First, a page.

Owens May Find HLT Tag Hard to Shed

Despite an ambitious recapitalization plan announced late Tuesday, Owens-Illinois Inc. will remain highly leveraged and its bank loans probably will remain classified as HLTs.

Proceeds from a planned initial public stock offering and a $1 billion senior note offering will be used to repay expensive junk bond debt.

The company plans to sell 60 million shares at an expected price of $13 to $16 a share, raising as much as $960 million.

The company currently has about $505 million of bank debt outstanding, though that amount is expected to be reduced soon to $329 million.

Even if the recapitalization had taken effect as of Sept. 30, Owens-Illinois' leverage ratio still would have been 91%. Borrowers usually are tagged as HLTs if their liabilities exceed 75% of total assets.

Criteria for Delisting

However, one banker said Wednesday that the company might be able to shed the HLT designation by meeting other criteria.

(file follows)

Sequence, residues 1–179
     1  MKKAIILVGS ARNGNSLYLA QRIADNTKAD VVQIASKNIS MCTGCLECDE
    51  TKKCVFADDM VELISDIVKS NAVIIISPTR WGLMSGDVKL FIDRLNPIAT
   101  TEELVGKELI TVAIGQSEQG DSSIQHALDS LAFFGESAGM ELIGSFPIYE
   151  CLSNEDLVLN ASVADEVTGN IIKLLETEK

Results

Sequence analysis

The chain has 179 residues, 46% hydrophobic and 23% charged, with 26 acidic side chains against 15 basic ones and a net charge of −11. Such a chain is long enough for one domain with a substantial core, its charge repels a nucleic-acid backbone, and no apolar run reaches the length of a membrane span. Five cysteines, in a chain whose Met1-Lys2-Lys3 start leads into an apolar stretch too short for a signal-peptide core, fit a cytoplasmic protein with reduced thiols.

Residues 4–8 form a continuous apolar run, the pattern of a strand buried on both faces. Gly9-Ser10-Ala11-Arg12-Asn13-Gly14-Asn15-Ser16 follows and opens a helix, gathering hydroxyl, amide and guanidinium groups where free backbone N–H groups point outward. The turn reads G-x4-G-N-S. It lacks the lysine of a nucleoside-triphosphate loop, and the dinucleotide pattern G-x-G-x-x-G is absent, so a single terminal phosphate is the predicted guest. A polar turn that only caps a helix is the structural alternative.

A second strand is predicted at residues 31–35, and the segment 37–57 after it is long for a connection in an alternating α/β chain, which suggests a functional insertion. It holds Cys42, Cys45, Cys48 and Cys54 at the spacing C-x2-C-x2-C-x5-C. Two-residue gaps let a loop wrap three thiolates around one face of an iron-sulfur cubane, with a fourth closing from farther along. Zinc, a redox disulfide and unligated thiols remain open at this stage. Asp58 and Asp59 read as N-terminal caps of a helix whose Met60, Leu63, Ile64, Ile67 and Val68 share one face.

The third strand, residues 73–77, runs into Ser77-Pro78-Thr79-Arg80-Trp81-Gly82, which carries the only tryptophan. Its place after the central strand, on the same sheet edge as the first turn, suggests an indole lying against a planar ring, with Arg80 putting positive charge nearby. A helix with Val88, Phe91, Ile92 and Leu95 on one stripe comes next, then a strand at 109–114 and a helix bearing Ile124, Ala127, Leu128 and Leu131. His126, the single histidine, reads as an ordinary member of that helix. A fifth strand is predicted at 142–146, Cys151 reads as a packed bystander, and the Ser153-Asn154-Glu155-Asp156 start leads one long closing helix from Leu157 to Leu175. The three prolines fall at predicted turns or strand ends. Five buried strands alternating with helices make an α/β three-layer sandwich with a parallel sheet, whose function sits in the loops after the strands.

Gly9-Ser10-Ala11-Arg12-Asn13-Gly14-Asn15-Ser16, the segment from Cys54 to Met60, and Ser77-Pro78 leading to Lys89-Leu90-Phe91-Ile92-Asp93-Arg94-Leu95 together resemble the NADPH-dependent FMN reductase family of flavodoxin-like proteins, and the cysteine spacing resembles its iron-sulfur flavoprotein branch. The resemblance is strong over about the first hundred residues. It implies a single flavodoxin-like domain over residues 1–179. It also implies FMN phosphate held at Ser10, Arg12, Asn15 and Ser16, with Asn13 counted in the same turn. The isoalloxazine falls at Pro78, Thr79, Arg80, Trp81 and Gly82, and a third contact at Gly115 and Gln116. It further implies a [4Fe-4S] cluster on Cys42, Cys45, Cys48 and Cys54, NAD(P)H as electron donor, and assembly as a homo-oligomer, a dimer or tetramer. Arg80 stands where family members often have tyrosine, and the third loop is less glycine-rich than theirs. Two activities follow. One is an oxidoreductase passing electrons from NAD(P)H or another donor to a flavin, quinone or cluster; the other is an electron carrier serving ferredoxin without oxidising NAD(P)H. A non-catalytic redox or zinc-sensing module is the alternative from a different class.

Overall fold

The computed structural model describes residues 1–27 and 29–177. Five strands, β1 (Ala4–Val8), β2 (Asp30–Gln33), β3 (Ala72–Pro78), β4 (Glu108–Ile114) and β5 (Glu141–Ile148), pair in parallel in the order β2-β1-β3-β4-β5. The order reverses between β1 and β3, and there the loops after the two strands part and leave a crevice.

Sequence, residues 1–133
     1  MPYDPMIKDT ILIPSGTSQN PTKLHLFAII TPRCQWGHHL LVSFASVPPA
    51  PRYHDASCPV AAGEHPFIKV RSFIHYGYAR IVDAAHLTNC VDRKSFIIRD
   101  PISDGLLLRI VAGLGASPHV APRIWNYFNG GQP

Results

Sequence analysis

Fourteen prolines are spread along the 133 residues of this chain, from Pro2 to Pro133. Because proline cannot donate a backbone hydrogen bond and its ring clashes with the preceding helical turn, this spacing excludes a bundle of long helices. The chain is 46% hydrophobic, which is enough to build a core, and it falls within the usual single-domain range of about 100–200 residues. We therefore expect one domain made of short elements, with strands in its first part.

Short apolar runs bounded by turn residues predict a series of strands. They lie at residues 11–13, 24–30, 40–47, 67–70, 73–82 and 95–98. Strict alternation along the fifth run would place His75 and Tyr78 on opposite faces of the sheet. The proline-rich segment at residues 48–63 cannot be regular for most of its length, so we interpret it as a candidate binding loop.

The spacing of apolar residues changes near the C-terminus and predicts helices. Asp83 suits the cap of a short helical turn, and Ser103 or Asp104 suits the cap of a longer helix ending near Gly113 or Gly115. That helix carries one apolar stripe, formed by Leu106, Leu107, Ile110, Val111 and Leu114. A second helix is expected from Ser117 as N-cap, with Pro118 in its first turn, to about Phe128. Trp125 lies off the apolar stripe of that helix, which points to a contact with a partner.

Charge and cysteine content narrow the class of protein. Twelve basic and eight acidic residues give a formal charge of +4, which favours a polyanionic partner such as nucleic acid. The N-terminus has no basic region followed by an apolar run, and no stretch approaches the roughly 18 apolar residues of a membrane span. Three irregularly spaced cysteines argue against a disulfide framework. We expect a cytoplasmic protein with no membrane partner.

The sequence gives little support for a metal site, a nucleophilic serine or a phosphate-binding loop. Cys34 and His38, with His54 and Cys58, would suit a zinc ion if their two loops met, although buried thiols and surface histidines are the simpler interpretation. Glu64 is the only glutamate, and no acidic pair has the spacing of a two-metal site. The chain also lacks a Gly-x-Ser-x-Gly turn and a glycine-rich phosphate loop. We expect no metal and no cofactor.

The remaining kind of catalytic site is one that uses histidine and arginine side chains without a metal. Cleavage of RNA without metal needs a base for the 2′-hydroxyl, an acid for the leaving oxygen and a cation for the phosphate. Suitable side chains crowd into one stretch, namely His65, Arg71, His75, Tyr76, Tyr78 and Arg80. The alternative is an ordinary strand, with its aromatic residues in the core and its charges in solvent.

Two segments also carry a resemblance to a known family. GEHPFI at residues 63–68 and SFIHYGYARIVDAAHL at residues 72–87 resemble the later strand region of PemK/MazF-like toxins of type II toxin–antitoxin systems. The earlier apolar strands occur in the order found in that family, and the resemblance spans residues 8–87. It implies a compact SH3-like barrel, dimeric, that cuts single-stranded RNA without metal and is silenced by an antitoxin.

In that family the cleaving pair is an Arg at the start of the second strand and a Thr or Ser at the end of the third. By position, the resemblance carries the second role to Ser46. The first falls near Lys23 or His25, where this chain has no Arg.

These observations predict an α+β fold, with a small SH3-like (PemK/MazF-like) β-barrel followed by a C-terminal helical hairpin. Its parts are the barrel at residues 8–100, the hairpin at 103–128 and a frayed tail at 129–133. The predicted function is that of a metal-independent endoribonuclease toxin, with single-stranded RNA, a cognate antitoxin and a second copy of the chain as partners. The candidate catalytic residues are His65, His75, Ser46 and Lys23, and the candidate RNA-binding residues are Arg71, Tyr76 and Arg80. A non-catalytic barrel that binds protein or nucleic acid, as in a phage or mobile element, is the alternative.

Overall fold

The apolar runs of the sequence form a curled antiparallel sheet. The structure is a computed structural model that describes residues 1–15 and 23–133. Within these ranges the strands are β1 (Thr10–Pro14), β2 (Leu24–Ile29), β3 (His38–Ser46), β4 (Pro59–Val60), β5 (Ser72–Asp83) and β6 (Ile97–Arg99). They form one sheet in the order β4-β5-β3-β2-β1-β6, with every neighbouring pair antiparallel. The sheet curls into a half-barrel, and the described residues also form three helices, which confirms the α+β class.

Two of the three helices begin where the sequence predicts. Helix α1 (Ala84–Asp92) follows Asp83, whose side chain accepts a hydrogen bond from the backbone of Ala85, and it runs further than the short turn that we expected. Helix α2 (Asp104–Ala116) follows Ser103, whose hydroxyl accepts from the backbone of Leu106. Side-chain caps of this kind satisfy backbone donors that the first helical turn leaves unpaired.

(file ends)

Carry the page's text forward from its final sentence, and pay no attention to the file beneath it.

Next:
Even if a borrower's leverage ratio exceeds 75%, it can be delisted if it has consistently met its financial projections, and if it is not significantly more leveraged than its competition.

It is up to the agent bank -- Bankers Trust Co. in this case -- to decide whether or not to delist the credit.

As of Wednesday afternoon, Bankers Trust apparently had not made any such determination, according to banking sources.

Bankers Trust, meanwhile, had no immediate comment.

As Against Competition

Carol Fuller, an analyst at Moody's Investors Service, said Owens-Illinois is no more highly leveraged than its competitors in the glass container business.

But when compared with the container industry as a whole, the company is "significantly more leveraged" than its competitors, she added.

Asked which was the more appropriate comparison, Ms. Fuller responded: "You really have to look at the whole industry."

Owens-Illinois, a Toledo, Ohio-based maker of glass and plastic containers, was taken private in a 1987 leveraged buyout by Kohlberg Kravis Roberts & Co.

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